JERSEY CITY, NJ. The golf focus this week falls mainly on the world’s best golf professionals competing for top honors at the opening event of the FedEx Cup Playoffs — The Northern Trust — played at the ultra-manicured and ultra-private Liberty National Golf Club.
What’s interesting is that while the club is technically in Jersey City its real connection lies eastward across the Hudson River to the deep pocketed denizens of Wall Street rather than the clientele who inhabit the local community.
Interestingly, just over 4 miles away is another golf course — one that opened in June 2015 — and with an entirely different purpose and audience to serve.
The Skyway Golf Course at Lincoln Park West is Hudson County and Jersey City’s first public golf course. You read that right. The first and likely only one to ever open. Why? Hudson County is a cramped area — just 63 square miles with nearly 692,000 people occupying the area. Calculate the number of people per square mile and the figure comes to just under 11,000 people per square mile. To understand the cramped conditions, the State of New Jersey has the most people per square mile in America at just over 1,200. Hudson County exceeds that figure by over nine times!
Open space is certainly at a premium and the opening of a 9-hole course built on the site of a former dilapidated driving range and landfill was clearly pushing the envelope in terms of practicality. The 65-acres is maxed out to provide just the actual course with no adjoining practice area and the clubhouse is a simple matter-of-fact building with just the mere basics. The local neighborhood belies the traditional venues where golf courses are located. The constant hustle and bustle of U.S. Routes 1 & 9, provide a never ending cacophony of sounds that won’t ever be confused with the bucolic setting of 17-mile-drive on the Monterey Peninsula in California. The immediate area is gritty with a clear industrial vibe.
Over the years the site became a convenient dumping ground for any number of items. The transformation from what once was to what you see today provides unfathomable paradise — soothing and reinvigorating the mind and body. In such crushing congestion the wherewithal to simply absorb the tranquility and open space Skyway provides can be a cathartic moment of the highest sort.
The course is named for the Pulaski Skyway — an elevated roadway linking Jersey City and Newark — New Jersey’s two largest cities. To be clear, the off-site views provided at Skyway are nowhere near as majestic as the ones found at Liberty National but the intangibles at the public layout are even more noteworthy for the wider benefits derived.
Architect Roy Case designed the par-36 course with three par-3, three par-4 and three par-5 holes. The layout at 3,250 yards was not created to be something akin to the demands encountered at Bethpage’s Black Course in nearby Long Island. There’s sufficient challenge for the person just getting started in golf and even for those who have played numerous other courses will need to show clear skills in order to max out their potential score. It’s simply amazing to see how what was once a clear eye–sore has become nothing less than a shining star. The course is elevated and shaped by the use of more than one million cubic yards of imported fill material serving to cap the old landfill area below.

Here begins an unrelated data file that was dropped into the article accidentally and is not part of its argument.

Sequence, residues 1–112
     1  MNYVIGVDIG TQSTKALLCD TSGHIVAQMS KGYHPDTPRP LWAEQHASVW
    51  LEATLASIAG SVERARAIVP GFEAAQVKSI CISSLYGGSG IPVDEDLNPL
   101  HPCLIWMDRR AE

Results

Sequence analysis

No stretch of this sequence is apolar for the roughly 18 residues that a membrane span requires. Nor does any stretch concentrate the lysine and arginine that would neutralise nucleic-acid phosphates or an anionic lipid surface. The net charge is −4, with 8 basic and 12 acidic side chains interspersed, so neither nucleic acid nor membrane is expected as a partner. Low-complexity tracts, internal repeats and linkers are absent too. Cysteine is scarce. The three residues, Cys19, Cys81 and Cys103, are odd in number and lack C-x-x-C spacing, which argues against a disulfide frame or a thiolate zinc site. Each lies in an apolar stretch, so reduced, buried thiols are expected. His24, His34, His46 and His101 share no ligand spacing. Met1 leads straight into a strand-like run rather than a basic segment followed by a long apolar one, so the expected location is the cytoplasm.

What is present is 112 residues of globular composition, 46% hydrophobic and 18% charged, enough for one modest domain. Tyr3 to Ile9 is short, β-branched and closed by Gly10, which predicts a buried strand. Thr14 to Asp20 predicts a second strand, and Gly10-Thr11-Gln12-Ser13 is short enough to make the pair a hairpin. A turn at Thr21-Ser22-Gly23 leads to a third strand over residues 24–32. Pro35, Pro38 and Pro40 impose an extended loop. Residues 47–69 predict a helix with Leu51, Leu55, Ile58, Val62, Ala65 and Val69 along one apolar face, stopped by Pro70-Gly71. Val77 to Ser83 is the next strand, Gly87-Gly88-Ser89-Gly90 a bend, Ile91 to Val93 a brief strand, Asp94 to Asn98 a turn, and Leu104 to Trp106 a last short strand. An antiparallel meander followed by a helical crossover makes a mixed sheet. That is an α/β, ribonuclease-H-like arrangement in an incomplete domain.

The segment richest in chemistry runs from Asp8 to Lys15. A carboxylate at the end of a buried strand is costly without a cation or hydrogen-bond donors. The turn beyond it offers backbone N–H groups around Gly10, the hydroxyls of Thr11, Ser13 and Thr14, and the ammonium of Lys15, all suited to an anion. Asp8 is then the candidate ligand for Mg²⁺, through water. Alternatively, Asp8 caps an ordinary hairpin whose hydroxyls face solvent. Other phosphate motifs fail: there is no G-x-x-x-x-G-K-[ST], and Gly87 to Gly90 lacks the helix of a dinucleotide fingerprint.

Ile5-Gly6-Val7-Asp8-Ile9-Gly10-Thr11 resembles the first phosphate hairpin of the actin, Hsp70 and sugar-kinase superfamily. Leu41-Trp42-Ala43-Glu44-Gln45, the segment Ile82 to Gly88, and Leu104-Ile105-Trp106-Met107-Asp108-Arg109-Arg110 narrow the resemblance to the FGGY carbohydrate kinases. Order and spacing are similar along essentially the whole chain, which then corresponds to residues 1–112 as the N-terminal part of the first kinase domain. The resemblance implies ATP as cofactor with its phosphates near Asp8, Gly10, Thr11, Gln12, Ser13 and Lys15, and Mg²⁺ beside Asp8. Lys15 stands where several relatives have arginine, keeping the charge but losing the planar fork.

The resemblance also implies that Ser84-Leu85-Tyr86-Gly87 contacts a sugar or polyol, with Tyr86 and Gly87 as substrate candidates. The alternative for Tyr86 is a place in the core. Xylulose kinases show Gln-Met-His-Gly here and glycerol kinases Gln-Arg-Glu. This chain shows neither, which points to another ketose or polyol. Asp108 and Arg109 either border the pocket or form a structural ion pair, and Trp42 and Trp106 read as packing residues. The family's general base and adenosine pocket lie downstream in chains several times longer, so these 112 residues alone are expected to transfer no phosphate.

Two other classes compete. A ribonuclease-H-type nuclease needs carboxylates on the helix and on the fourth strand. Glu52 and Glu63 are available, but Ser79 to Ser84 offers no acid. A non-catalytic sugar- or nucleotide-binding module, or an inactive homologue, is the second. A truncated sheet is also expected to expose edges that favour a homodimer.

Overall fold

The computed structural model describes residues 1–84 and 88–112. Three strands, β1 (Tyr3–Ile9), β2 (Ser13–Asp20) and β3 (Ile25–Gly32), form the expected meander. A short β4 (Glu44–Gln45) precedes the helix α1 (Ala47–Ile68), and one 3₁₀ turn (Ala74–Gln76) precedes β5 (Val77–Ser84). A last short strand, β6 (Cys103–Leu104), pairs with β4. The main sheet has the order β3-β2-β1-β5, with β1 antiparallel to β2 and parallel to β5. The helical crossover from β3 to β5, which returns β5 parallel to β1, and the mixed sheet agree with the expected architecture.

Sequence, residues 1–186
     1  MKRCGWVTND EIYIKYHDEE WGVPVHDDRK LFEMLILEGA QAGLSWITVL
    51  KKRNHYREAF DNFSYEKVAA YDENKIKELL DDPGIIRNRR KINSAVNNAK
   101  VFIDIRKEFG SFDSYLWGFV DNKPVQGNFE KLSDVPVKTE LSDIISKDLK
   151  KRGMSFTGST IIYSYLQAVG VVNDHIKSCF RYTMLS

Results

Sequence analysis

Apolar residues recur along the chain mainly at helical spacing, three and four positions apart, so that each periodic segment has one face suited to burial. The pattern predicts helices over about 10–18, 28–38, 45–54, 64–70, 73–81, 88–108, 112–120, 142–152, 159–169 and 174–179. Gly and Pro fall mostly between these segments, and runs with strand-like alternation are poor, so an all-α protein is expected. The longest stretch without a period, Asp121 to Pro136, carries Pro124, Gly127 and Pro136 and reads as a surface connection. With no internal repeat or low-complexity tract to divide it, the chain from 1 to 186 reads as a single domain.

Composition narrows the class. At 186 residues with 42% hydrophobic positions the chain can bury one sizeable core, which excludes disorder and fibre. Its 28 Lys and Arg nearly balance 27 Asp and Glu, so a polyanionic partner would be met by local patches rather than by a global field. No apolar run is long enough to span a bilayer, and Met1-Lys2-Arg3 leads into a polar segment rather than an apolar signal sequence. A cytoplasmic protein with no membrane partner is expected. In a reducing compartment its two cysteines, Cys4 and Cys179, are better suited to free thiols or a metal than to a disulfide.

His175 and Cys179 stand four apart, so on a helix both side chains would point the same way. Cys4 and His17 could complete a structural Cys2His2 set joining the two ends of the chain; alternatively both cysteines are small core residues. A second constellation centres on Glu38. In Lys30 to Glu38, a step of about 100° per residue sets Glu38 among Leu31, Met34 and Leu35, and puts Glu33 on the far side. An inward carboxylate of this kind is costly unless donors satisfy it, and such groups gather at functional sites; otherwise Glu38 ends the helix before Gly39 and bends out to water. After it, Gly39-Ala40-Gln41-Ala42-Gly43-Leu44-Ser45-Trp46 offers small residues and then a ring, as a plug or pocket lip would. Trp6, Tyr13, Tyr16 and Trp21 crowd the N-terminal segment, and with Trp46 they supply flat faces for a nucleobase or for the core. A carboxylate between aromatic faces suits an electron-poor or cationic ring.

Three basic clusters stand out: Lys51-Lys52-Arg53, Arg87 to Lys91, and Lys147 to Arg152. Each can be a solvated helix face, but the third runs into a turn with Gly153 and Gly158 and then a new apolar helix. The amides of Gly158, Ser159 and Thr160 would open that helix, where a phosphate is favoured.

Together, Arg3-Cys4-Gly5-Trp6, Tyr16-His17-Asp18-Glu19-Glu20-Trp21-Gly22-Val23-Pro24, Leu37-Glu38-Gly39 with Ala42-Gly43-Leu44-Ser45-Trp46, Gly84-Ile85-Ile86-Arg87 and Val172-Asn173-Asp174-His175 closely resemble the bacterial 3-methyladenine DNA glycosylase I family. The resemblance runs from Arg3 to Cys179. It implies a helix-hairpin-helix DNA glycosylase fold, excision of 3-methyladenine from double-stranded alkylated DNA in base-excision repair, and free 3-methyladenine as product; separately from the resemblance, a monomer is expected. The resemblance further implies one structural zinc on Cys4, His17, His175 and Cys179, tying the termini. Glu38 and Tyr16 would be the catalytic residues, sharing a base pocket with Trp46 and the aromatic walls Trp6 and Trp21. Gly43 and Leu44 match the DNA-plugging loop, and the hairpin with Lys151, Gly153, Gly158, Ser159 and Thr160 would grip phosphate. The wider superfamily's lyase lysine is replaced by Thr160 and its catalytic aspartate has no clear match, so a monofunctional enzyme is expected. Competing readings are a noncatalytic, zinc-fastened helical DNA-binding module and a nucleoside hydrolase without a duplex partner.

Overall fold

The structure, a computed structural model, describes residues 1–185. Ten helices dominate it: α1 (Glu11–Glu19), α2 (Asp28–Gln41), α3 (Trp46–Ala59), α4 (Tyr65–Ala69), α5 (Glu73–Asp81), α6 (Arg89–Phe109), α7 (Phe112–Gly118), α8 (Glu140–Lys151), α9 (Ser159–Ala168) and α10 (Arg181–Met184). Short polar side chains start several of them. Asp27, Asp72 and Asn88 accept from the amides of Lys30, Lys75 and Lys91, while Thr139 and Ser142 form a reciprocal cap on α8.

The environmental enhancements are no less important to show long term sustainability. The beneficial reuse of stormwater is anticipated to provide more than 75% of the course’s irrigation needs. The design of the course incorporates indigenous vegetation supporting the recreated wetlands and transition areas. The course plantings have been designed to be beneficial for the support of wetland, transition areas and the golf course.
But the full impact of the course transcends the gains made on the science side.
Cambia Portland Classic R3
Skyway provides a community connection — a meaningful pathway for local youth to engage in a sport that for many was simply a game seen on television. The facility engages youth through a variety of programs put forward regularly in creating the foundation for future players. Yet the most important thing is getting young people to experience what it’s like to be on an actual course. The goals of making golf more inclusive have been clearly mentioned by many of the key organizations stakeholders throughout the golf industry but it is venues such as Skyway that push beyond a mere talking point into an action point of lasting impact.
The people who come to Liberty National are segregated from the rest of Jersey City. There’s no intersection. The layout where the best players in the world are competing lies on the far eastside of the NJ Turnpike and is meant to showcase the New York connection — not the real Jersey City one.
This weekend when the television cameras show glorious blimp aerial views of Liberty National and its closeness to New York Harbor, lower Manhattan and the Statue of Liberty — it is at Skyway where the real connection to Jersey City exists. It is important to always remember that golf’s foundation as a game has long been seen as elitist, sexist and white. Skyway is planting future seeds — recasting a sport into being something of consequence for a new generation. Jersey City is one of the most diverse cities in the world and there’s no question it has its share of urban issues to grapple with each day.
Skyway will never solve all the daily issues the broader populace faces. However, it does serve a clear role — giving those living in Jersey City and Hudson County a much needed respite and a means to build connections with new friends and lasting memories from playing this grand game of golf.
That pathway is indeed found at Skyway.